Hollie Berry — Visual Artist

Hollie Berry started drawing as soon as she could hold a pencil and began painting in oils at the age of eight. Since then, her primary focus has remained on her artistic growth. Whether painting a traditional portrait in oils, sewing paper pages into a sculptural form, or suspending moving books from the ceiling, she seeks to add to the beauty of the world by tapping into her own creativity and that of those around her.

Berry received a BFA in Studio Art from the University of Texas at Austin and studied art and art history abroad in Tuscany, Italy. Her work has been displayed locally at Association for Visual Arts, The River Street Makery, Winder Binder Gallery & Bookstore, ArtSpace Gallery, and on several public streets.

Berry first became enamored with the possibility of book arts in high school when she was introduced to the concept of altered books. She had always been an avid reader so the conjoining of books and art was a natural direction. Soon she learned to create handmade books from the raw materials of paper, thread, boards, and cloth. Now, she and Ellen Simak are co-chairs of Book Arts at the Open Press, where she occasionally teaches book arts workshops.
After moving to Chattanooga, Hollie first made an impression on the local community by creating Dewdles, a series of temporal drawings in the dewy grass of Coolidge Park. These monumental and ephemeral works last only an hour or so before evaporating. Dewdles capture the imaginations of tourists, joggers, and dog walkers who spot them from the Walnut Street Pedestrian Bridge, as well as internet surfers who stumble across them online.
Recently Hollie has been involved with The McCallie Walls Mural Project, a grant recipient of the MakeWork foundation, completing the twelve by forty five foot outdoor mural Four Horsewomen. She also collaborated with other artists, neighborhood residents, and children to create the community painted mural Tandimals. For her next foray into public art Berry collaborated with her husband, Engineer Rudy Elizondo, to create the interactive installation Book Flock as part of the Open Spaces program coordinated by River City Company. The fusion of art, technology, and viewer participation is something she very much looks forward to continuing in the future.
Hollie Berry lives in Chattanooga, TN with her husband, two cats, and too many books.

For additional information, see: Art-Instincts.com

 

Hollie Berry

Hollie Berry

Airship Log book

T is for Turtle Dewdle

Book Flock Outside

Meredith Middleton Burns — Meredith’s Silver Designs

Meredith Middleton Burns is a Chattanooga native. She has roots in the Hixson suburbs and the New Salem community of rural Lookout Mountain. The contrasts of her early life environments add an important theme to her creative process resulting in work that is both rustic and organic while refined and elegant. During a crossroads in her life in 2010, Meredith began to cultivate her internal drive to create. She was drawn to a medium that challenged, fascinated, and produced a certain level of comfort, fear, and respect in her – that medium being metal…specifically sterling silver.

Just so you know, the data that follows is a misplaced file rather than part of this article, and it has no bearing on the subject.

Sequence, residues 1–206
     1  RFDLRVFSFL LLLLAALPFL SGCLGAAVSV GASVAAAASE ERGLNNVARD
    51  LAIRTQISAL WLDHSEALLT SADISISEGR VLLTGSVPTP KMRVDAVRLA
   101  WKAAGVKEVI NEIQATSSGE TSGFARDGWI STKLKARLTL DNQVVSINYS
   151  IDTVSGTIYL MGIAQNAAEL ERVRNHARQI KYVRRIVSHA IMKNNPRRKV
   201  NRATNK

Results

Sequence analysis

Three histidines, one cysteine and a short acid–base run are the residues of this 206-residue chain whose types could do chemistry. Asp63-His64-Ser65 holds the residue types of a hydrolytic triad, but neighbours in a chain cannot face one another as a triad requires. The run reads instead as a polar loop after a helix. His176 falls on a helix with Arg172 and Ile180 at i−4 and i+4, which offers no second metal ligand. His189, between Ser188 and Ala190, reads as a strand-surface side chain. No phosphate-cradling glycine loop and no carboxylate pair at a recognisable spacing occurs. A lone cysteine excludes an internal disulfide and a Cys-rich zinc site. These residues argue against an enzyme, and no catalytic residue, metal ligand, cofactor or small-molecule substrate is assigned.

Meredith has taken several courses in metal and sterling silver fabrication at the John C. Campbell Folk School. She has studied privately under professional jeweler and metalsmith Molly Sharp Voorhees of Zirconia, NC. and has also attended the New Approach School for Jewelers in Franklin, TN. While she periodically teaches on her own and assists in basic sterling silver fabrication classes at John C. Campbell Folk School, she is also still pursuing her own continuing education in precious metals.

Meredith's Silver Designs il_570xN.615101048_gv2u

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Moment: Artist at work doing oil paintings of Wally’s Restaurant

From an article by Tim Barber for the Chattanooga Times Free Press.

Outbound traffic on McCallie Avenue begins to build to rush-hour levels on a Wednesday afternoon in mid-December as local artist Hollie Berry applies the first strokes of color to her latest oil painting.

Dressed in full winter outerwear with fingerless gloves, Berry glances at the fading image of a setting sun through gray skies, feels the chilling wind and considers packing up her brushes and moving from the sidewalk across from Wally’s Restaurant.

City buses and delivery vans pass by just feet away as Berry steadies her flimsy wooden easel in 46-degree temperatures.

“There used to be a really cool retro sign for Wally’s,” she said, comparing photos on her cellphone. “It’s not up anymore, but it’s in the old pictures.”

The spot she chose on the sidewalk is the exact angle depicted in the 1950s photograph she is painting, Berry said.

Photo by Tim Barber/Times Free Press.

“I’m doing a couple of paintings,” said Berry. “One of their restaurant the way it looked in the 1950s, all in sepia tone; then another one the way the restaurant looks now, in all color.”

When completed, both paintings will hang side by side in the Highland Park community restaurant, she added.

Berry, a two-year Chattanooga resident, began painting at age 8. Now, the graduate from the University of Texas at Austin has gone full time in the business and has a studio in the Chattanooga WorkSpace downtown.

“I’m going to make myself stay out here for about 30 more minutes,” she said as the afternoon shade crept across the sidewalk. “I was going to stay longer, but it got cold too fast. If I get a sunny day, I’ll spend a full day on it.”

Contact staff photographer Tim Barber at tbarber@timesfreepress.com or 423-757-6640.